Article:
Keep on Roake-in’ in the Free World

One of the things I most hated about living in Atlanta was constantly being assaulted by nostalgia. Only, it wasn’t really nostalgia because nothing ever went away and neither did I? Like, sometimes I would drive to Whole Foods for their stupidly addictive and expensive smoked salmon dip, but as I puttered down N Druid Hills Rd, I’d be reminded of how I used to see the exact same church, the same Mellow Mushroom sign, and the same Post apartments, when my parents stuffed me into my car seat (or I guess back then you could just go in the trunk of the car; the 80s were a simpler time and the only safety measure was a “baby on board” sign) and drove me to preschool. Throughout my elementary, high school, and adult careers, I drove the same roads and passed the same things. And sometimes there were fuzzy fond memories, but mostly it felt like a dream sequence in which the signs were all making fun of me for never leaving the city where I grew up. I could practically see the “Taco Bell” sign morph into “TOWNIE!” when I drove past. So I guess it’s ironic that now that I live on the west coast I seem to constantly be on a quest to relive some of my happiest childhood memories. Since my grandparents aren’t here to reminisce with, Zach has to be my captive audience and pretend that my murky memories are entertaining.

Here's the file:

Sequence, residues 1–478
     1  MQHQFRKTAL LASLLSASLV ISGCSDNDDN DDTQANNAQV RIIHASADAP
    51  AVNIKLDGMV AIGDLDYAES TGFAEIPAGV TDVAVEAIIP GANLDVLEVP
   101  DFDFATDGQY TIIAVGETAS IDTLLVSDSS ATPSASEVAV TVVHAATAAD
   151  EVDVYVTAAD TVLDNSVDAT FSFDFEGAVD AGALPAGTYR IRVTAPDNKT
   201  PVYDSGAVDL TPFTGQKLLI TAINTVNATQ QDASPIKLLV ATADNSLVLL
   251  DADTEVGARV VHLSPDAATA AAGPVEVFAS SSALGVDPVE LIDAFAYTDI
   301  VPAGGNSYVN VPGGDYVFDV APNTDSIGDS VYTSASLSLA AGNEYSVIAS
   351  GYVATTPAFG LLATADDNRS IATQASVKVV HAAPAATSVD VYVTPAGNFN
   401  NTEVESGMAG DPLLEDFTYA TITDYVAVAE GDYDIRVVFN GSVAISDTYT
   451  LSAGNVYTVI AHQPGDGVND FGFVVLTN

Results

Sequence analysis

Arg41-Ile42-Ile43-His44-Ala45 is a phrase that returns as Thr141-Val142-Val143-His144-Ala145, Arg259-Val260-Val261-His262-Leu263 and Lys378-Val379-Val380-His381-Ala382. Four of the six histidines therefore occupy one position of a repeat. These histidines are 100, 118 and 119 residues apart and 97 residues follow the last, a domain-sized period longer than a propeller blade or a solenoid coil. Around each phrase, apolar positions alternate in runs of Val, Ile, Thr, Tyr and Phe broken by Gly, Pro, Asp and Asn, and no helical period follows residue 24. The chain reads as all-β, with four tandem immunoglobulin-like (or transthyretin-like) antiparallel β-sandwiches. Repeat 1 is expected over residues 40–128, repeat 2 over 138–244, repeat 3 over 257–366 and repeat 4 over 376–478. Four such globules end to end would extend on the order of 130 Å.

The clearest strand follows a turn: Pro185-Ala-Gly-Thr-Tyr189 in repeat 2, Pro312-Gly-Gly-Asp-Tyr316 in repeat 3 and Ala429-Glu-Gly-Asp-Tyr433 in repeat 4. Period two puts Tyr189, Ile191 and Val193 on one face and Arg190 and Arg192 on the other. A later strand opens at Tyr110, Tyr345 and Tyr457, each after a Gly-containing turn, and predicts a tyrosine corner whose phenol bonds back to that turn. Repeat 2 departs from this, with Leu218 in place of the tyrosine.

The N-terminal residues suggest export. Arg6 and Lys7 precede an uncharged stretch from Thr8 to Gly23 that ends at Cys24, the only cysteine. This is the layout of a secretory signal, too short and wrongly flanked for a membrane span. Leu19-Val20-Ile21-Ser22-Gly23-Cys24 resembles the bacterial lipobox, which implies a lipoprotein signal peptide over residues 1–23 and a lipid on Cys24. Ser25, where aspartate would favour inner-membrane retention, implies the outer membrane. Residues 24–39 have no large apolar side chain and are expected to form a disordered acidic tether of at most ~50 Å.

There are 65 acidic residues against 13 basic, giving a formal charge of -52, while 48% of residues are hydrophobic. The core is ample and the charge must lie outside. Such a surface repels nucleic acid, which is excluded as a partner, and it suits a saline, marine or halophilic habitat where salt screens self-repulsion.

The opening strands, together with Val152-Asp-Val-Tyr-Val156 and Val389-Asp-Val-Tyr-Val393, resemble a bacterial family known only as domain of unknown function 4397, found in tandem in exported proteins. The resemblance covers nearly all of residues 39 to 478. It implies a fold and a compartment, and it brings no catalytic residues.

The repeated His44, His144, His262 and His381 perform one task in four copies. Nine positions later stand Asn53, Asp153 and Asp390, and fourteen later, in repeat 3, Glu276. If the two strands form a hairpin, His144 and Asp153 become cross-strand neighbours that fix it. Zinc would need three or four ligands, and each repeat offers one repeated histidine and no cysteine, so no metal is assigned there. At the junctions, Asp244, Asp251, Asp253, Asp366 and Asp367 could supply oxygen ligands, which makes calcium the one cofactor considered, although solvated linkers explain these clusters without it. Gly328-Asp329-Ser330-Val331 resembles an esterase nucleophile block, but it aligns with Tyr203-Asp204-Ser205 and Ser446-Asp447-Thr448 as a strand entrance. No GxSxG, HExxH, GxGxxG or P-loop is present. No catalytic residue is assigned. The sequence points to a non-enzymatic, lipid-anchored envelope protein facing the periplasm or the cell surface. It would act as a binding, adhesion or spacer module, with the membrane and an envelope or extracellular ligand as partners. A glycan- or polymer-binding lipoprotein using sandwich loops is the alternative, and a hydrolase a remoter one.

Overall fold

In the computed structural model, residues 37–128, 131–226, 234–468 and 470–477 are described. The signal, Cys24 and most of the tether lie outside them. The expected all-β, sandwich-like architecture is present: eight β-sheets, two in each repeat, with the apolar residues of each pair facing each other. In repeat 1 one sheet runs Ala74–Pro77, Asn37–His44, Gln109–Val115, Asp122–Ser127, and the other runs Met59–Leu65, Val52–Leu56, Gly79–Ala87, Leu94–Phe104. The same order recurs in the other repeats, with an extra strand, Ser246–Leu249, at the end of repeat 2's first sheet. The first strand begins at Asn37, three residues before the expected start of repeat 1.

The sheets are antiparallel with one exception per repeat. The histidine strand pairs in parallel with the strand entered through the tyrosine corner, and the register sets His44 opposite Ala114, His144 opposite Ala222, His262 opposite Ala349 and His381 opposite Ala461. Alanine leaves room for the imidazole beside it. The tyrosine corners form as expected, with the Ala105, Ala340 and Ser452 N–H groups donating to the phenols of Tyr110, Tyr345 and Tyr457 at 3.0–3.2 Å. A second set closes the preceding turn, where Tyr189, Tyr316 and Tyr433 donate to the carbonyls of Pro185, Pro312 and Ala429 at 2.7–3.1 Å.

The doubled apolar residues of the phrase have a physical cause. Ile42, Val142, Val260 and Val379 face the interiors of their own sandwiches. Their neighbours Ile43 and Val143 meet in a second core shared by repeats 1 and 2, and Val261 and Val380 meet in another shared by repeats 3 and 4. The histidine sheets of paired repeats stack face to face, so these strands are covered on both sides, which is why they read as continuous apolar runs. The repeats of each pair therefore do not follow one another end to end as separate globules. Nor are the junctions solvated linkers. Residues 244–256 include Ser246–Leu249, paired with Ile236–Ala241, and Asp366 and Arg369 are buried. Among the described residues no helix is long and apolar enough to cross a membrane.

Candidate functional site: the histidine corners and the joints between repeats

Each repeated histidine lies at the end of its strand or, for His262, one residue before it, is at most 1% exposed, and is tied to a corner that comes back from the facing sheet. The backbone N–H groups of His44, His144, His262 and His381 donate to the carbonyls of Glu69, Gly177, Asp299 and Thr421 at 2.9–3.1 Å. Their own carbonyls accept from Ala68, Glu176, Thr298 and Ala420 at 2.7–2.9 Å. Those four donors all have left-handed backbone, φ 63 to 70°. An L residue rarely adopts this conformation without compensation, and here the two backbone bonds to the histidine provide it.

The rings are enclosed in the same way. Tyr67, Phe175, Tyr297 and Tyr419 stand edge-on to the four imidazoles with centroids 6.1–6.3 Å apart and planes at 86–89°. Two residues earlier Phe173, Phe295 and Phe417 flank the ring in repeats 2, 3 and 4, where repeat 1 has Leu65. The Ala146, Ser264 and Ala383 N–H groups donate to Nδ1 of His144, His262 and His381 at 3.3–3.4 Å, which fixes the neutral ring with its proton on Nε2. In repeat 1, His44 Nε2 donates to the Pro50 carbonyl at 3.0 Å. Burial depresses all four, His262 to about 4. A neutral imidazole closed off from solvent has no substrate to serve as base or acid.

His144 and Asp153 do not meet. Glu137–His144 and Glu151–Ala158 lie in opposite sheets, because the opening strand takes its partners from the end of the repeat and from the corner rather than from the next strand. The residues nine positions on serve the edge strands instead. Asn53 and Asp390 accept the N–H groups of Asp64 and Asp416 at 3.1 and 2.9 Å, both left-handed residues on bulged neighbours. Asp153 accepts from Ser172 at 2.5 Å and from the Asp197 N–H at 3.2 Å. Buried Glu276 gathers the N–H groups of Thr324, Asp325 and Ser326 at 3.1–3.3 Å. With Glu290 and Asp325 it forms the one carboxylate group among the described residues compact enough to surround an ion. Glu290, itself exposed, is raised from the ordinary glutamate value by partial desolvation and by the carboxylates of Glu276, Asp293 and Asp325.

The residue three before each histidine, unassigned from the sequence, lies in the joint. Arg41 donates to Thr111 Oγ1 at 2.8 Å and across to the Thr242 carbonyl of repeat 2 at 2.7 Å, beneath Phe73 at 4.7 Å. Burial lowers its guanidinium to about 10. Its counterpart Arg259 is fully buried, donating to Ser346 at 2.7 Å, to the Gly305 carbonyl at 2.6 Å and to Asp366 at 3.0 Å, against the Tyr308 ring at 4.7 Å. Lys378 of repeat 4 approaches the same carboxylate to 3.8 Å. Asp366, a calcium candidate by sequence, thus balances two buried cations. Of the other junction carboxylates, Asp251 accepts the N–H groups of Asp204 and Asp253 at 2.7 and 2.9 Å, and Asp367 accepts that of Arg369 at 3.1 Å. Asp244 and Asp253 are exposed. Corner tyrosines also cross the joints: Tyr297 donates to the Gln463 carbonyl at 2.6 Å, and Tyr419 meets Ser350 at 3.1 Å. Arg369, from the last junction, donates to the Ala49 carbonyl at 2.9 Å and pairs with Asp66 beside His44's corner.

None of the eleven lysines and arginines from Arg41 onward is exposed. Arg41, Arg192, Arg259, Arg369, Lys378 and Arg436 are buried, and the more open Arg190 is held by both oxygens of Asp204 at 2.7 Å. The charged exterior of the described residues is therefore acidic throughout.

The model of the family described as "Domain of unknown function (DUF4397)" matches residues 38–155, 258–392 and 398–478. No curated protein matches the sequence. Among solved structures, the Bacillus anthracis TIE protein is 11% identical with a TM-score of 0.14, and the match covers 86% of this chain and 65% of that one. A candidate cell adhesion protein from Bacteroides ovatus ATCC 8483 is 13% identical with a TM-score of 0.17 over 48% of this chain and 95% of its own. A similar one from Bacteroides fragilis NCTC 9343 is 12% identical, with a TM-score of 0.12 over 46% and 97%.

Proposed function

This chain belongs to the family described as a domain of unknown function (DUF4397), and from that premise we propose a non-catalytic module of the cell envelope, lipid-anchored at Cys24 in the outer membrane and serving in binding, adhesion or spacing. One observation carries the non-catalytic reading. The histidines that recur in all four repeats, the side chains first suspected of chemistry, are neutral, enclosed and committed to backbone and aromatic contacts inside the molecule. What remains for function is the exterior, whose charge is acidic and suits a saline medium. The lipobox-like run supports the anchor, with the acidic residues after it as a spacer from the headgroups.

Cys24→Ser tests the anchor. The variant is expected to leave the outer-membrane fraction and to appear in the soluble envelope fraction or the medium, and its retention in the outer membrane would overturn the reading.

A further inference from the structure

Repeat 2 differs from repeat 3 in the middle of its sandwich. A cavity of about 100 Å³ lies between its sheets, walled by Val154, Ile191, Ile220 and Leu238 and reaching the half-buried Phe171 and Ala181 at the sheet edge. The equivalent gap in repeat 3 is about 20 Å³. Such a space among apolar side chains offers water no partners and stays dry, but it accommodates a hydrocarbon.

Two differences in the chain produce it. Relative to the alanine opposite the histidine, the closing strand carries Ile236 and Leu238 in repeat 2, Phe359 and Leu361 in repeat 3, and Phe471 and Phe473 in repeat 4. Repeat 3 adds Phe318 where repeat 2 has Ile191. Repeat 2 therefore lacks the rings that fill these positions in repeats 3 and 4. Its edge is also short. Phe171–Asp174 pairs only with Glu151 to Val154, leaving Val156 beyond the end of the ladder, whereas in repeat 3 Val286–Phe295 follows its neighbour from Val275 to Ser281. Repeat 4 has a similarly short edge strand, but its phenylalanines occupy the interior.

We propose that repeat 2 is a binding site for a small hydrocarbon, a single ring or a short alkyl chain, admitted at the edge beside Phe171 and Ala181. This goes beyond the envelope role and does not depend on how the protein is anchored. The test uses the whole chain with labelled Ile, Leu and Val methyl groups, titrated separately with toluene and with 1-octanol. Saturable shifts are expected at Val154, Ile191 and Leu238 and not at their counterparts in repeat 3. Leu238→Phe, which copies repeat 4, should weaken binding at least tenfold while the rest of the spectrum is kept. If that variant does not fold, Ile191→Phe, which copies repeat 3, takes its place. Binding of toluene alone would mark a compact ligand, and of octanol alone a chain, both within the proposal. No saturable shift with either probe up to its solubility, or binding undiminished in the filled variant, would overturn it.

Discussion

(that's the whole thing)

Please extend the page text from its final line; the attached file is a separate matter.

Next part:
Portland summers stand out as some of my favorite memories, even though if I think about it REALLY hard I can definitely remember spending those weeks complaining on the phone to my mom that I’d rather be at home with my friends and then acting like a complete asshole to my entire extended family (sorry everyone!). From the moment I stepped off the plane, my grandparents treated me like royalty. We’d head to their house where they’d fix me my fave (chicken flavored ramen noodles with two ice cubes and copious hot sauce). In the following days, Nana would take me back-to-school shopping and buy me whatever shoe du jour I begged for (I long for the green Adidas Sambas we found in Nordie’s back in ’95), then to the salon for a fancy haircut, and later Papa and I would head somewhere to people-watch and read trashy books. My grandparents loved traveling and were adventurous eaters who I have to credit with my decades-long love of Sriracha. They ALWAYS had the red rooster-themed bottle in their fridge as far back as I remember, definitely before Texas Pete made their own take on it and every regular grocery store stocked the Huy Fong necessity. My first pho, my first injera, and my first massaman curry are all thanks to my grandparents, and to Portland’s dynamic dining scene. It wasn’t ALL adventurous eats though–Papa was a big fan of the basics, and couldn’t say no to a hot dog. One summer he took me to Roake’s for a Coney and fresh-cut fries, and I’ve been dreaming about them ever since. There’s just been SO MUCH else to do we never made it out there until today.